But our last six capital visits since April 2010 now read: Charlton 1-0; QPR 0-0; Millwall 1-1; Crystal Palace 0-0; Chelsea 1-3; and QPR 2-1.

Somehow I imagine normal service will have resumed by the end of this season once we’ve negotiated Fulham, Tottenham and Arsenal.


So if you’d told me six months ago that the Canaries would start 2012 inside the top half of the table I wouldn’t have been completely surprised.

If you’d said that Grant Holt would have scored Premier League goals on a fairly regular basis I’d have been slightly more quizzical. But if you’d predicted that City would have cruised into the fourth round of the FA Cup - now that’s a different matter.

I fully expected to add Burnley to the recent NCFC FA Cup hall of shame: Bury, Charlton, Carlisle and Leyton Orient.

Not just because of the line-up the Canaries might have fielded but the general attitude.

The team chosen to face MK Dons in the Carling Cup wasn’t short on experience, but anyone at Carrow Road that night would have been forgiven for thinking that the main objective was to get knocked out without picking up any suspensions or injuries.

And given that Daniel Ayala limped off near the end we couldn’t even manage that.

I left it fairly late to get my ticket for Burnley - had something else come up I wouldn’t exactly have been sorry to have missed the game on the back of seeing the defeats to Bury and Charlton in particular.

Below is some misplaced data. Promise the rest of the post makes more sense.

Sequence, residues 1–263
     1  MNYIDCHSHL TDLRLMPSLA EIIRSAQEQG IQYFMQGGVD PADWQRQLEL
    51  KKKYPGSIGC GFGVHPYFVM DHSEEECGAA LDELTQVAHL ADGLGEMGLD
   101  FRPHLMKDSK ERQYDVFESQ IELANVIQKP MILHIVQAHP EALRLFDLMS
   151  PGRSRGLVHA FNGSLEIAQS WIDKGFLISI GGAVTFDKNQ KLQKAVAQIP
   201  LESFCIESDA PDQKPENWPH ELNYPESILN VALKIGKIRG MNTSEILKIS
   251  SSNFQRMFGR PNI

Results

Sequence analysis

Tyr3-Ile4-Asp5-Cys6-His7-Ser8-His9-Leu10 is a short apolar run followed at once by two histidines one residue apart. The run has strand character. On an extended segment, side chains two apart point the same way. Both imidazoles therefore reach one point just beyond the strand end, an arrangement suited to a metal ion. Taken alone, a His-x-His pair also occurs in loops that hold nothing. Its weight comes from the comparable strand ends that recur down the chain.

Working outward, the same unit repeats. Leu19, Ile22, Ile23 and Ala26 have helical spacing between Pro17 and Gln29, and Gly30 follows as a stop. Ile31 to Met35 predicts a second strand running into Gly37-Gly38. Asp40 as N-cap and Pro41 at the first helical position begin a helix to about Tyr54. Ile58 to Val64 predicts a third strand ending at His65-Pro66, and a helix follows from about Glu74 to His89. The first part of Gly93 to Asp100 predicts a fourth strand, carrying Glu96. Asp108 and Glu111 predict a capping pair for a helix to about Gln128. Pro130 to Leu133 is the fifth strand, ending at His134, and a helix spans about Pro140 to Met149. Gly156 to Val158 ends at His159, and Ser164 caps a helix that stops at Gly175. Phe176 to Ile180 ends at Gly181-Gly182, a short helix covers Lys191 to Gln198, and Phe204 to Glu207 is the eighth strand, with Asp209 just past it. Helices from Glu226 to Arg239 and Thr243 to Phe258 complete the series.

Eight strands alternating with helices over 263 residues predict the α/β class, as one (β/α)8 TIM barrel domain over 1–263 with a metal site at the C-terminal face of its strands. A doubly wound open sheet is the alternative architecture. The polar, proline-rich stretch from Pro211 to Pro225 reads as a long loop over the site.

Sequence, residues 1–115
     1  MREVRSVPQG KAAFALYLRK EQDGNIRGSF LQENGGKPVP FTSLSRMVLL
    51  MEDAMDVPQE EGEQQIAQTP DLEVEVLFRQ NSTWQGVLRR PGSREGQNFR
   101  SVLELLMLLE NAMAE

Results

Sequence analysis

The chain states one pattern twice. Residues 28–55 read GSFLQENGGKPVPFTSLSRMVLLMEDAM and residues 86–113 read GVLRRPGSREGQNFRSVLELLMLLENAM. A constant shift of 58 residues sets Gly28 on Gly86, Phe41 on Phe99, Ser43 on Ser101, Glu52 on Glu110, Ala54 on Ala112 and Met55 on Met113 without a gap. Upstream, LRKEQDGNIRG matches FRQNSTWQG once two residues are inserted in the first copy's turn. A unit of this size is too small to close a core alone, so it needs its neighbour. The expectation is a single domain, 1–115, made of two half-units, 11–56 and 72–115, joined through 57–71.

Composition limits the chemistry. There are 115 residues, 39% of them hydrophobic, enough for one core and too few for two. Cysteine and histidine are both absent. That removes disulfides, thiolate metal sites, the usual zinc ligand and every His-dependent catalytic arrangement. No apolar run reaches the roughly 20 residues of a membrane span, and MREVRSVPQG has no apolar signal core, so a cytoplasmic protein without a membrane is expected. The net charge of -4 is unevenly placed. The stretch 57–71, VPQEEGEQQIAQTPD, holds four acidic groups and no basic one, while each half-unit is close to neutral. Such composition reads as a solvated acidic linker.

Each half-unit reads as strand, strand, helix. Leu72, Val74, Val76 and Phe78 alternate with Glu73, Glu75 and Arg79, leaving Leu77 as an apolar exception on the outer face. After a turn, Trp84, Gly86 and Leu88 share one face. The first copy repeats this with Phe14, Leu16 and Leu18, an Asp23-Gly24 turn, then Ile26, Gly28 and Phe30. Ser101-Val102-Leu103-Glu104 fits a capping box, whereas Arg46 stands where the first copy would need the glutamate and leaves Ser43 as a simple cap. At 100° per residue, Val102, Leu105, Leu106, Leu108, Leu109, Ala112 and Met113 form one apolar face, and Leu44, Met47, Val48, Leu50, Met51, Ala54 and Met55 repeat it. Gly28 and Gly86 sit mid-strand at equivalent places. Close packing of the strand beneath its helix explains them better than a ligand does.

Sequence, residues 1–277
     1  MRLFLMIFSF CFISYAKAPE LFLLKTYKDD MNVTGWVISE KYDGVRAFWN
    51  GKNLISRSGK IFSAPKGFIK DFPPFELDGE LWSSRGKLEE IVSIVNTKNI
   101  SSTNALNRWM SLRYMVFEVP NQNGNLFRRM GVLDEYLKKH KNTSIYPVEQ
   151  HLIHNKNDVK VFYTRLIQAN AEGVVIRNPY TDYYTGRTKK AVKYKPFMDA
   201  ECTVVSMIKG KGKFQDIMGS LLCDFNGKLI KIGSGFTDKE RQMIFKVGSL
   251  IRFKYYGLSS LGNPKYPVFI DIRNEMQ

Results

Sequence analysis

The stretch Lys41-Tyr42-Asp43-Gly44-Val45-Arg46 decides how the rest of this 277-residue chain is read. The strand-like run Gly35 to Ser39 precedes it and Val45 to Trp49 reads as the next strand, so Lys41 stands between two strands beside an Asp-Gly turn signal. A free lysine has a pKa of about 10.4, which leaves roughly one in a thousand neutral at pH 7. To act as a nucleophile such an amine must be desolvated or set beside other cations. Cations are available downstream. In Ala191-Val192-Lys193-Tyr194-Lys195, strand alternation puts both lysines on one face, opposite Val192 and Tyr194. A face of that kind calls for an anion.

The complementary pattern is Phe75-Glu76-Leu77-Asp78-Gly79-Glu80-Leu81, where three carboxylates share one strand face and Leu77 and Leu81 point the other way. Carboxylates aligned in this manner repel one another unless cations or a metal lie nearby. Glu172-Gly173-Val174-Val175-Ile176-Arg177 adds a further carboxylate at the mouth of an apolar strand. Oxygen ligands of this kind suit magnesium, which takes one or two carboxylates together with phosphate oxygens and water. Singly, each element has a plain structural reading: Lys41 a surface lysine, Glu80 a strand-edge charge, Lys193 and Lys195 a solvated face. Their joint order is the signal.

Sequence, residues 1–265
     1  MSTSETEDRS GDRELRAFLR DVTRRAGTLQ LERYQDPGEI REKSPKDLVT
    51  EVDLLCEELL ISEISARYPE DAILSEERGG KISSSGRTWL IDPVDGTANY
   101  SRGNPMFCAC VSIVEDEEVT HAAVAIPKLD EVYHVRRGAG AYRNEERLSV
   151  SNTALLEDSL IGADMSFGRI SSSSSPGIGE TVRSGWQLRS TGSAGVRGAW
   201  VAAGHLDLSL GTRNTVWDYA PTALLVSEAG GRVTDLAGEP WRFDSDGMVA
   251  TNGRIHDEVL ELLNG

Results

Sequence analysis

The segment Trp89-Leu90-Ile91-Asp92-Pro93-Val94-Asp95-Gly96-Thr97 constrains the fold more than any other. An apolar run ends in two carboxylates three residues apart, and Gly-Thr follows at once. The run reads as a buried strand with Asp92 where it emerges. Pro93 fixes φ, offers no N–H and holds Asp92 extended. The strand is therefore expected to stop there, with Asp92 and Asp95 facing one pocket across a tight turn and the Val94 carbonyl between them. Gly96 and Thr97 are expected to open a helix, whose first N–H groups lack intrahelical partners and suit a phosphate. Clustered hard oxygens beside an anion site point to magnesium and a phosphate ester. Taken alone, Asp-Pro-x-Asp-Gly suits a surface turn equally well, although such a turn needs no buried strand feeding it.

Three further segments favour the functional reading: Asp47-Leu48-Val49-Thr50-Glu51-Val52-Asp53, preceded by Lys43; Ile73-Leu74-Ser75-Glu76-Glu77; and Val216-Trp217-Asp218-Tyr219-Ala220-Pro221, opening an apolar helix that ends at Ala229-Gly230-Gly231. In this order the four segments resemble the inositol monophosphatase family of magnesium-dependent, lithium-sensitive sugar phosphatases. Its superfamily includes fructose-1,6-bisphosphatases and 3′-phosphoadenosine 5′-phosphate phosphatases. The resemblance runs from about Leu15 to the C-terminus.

So what actually transpired at Carrow Road on Saturday was little short of amazing.

When you consider that two years earlier we had to wait until the 15th minute to break the deadlock at Paulton our start was sensational.

When was the last time we made a start to a cup tie like that? The 5-2 rout of Barnet in the Carling Cup, possibly, but it was the ultimate ‘first goal wins it’ occasion.

Once City went ahead they just oozed confidence, but had they fallen behind later on would they have really roused themselves to earn an unwanted replay.

Who we got in yesterday’s draw didn’t really matter; the main thing about Saturday was the momentum that it helped build. We now go into an eminently winnable away match at the top of our game.

It also demonstrates the progress we have made over the past 12 months, quite apart from the fact that two years ago the Canaries and Burnley were two divisions apart and this tie might have been considered for live television coverage.

Last season we had to battle back to secure a home point against the Clarets and were then well beaten at Turf Moor.

On Saturday we clinically brushed them aside with almost breath-taking ruthlessness and set the standard for future home cup ties. I’m glad I made the effort to go.